The delegate considered the opponent had done enough to establish a prima facie case as to a lack of intention and the onus shifted to the applicant to rebut this. The Applicant was clearly put on notice of this ground, but did not file any evidence or written submissions and so the s59 ground of opposition was satisfied.
Kayser-Roth Corporation v Rebecca Collinson-Smith  ATMO 17 (13 February 2018)
Unsuccessful opposition by Kayser-Roth to an application for trademark registration of HUNTING HUE filed on 4 November 2015 for apparel in class 25 and computer design services in class 42.
Both parties filed evidence, but did not participate at the hearing or file any submissions.
The opponent owned a prior trademark registration for HUE covering a range of apparel in class 25, but the s44 ground failed because the delegate did not consider HUNTING HUE to be deceptively similar to HUE. The delegate commented that HUNTING occurs at the beginning of the mark and qualifies the word HUE to form a distinct corporate identity which is suggestive of searching for a distinguishing colour or the hunting pink worn by British fox-hunters. The delegate also considered the applicant’s class 42 services were not closely related to the opponent’s class 25 goods.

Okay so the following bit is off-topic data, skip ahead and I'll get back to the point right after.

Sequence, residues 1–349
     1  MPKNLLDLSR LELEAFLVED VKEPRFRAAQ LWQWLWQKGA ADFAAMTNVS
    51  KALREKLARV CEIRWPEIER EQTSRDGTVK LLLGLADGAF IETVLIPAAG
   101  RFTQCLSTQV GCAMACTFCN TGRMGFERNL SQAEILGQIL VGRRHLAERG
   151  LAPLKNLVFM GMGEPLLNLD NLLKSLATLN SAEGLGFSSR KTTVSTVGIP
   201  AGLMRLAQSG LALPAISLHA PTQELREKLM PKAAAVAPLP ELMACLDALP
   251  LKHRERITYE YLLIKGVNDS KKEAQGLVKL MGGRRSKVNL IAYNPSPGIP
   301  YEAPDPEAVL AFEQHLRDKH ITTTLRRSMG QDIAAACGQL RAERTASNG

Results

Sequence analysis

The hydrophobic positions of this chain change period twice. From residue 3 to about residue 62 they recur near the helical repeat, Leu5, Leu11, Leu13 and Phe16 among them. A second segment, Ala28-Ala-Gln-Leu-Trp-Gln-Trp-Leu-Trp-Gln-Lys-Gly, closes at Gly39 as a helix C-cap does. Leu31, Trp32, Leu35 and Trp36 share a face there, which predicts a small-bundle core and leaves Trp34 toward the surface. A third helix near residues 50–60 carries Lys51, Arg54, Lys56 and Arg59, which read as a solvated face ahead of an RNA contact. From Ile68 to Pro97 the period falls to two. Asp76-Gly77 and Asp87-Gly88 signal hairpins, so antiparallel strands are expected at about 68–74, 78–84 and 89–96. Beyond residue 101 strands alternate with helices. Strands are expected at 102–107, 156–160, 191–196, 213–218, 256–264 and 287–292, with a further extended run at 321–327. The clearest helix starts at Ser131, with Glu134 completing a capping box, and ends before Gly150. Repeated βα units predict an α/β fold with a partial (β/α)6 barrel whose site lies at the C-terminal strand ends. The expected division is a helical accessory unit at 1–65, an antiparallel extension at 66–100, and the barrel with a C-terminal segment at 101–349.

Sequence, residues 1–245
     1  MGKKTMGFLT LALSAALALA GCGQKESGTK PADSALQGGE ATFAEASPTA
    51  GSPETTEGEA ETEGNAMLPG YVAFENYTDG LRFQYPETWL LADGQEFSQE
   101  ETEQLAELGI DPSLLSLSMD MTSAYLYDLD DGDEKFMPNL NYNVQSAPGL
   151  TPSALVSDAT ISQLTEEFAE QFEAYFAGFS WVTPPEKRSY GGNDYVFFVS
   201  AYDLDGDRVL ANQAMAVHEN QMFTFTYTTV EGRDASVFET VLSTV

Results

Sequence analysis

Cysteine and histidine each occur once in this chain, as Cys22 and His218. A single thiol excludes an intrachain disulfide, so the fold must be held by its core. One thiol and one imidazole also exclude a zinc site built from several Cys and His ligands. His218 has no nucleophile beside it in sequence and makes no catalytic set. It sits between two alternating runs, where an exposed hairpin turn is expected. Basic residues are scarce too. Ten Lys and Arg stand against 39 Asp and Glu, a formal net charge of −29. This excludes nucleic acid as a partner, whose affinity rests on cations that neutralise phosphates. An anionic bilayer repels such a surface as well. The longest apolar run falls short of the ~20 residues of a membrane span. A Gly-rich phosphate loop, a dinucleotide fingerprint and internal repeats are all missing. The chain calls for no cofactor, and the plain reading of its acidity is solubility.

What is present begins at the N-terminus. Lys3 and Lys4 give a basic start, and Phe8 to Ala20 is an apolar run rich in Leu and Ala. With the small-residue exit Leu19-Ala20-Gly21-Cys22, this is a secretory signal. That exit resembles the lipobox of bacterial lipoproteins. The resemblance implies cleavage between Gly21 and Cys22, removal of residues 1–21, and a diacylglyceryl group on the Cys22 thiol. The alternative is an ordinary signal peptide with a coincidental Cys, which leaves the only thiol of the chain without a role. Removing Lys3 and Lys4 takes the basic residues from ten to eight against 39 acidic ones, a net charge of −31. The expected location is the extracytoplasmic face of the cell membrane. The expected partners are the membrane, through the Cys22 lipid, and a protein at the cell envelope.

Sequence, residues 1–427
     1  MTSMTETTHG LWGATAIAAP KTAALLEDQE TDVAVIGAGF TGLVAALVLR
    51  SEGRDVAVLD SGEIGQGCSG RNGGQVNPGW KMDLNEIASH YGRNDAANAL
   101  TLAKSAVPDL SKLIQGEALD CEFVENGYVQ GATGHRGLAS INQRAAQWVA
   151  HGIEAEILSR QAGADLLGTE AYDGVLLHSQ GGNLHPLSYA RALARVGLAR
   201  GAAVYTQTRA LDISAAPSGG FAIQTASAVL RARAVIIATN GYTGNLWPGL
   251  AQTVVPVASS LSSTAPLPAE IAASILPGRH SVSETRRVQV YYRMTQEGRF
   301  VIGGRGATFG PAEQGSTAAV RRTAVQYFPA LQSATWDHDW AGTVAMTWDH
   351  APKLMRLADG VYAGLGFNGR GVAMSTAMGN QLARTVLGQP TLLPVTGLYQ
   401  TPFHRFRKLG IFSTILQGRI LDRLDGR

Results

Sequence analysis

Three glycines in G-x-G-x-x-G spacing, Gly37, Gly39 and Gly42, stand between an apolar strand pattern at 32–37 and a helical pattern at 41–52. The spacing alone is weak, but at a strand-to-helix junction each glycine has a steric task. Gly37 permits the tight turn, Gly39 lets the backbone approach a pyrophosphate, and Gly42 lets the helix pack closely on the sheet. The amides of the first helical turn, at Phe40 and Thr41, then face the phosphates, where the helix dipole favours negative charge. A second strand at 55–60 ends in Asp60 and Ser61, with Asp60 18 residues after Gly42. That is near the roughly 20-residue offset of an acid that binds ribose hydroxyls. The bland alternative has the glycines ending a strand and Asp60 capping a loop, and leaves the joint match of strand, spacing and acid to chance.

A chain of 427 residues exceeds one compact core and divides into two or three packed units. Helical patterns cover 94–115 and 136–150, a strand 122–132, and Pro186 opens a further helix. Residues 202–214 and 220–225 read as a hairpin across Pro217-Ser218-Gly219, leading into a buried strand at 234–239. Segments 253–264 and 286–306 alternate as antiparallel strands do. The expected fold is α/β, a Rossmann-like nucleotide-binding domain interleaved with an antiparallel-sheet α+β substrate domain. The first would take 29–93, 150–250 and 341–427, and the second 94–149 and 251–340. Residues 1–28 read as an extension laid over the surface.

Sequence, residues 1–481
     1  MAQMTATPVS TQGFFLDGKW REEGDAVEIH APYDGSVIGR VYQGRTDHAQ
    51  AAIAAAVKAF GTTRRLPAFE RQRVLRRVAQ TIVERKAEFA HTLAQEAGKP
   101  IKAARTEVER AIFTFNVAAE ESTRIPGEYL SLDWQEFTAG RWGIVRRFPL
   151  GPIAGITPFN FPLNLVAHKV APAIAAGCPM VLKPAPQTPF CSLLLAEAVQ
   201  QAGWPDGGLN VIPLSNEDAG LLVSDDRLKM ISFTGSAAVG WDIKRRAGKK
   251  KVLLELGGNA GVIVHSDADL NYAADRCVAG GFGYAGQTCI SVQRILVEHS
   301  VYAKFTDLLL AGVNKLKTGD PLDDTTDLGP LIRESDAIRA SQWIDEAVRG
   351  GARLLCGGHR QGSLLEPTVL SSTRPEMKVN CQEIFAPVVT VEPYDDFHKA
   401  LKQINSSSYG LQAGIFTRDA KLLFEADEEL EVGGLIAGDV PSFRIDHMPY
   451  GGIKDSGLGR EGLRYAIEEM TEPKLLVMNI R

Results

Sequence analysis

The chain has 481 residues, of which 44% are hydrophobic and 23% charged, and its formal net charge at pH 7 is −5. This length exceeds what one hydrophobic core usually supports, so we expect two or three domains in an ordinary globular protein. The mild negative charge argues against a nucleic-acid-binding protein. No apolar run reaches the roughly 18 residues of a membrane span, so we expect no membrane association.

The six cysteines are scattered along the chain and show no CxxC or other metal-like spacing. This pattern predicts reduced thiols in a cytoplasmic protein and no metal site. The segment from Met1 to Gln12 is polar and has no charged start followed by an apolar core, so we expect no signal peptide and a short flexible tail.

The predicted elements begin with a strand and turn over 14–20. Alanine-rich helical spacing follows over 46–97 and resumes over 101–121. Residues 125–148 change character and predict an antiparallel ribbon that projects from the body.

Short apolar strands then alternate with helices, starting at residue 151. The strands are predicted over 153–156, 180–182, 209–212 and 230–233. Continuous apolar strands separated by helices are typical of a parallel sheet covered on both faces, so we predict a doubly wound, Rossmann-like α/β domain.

The opponent also relied on the s60 (reputation) and s59 (lack of intention to use) grounds of opposition, but the evidence did not support either ground.
Australian Drafting & Design Pty Ltd v Raj Gohil  ATMO 18 (13 February 2018)
Successful opposition by Australian Drafting & Design to an application for trademark registration of the composite mark shown below filed on 25 November 2015 for a broad range of design, drawing and engineering services in class 42.
Both parties filed evidence, but did not participate at the hearing or file written submissions.
The applicant was a sub-contractor of the Opponent under an Agreement dated 17 September 2008 which was terminated by the Opponent by letter dated 23 November 2015. The trademark application was filed two days later.
The s58 ownership ground of opposition was upheld based on the opponent’s prior use of the trade mark shown below for the same kind of services.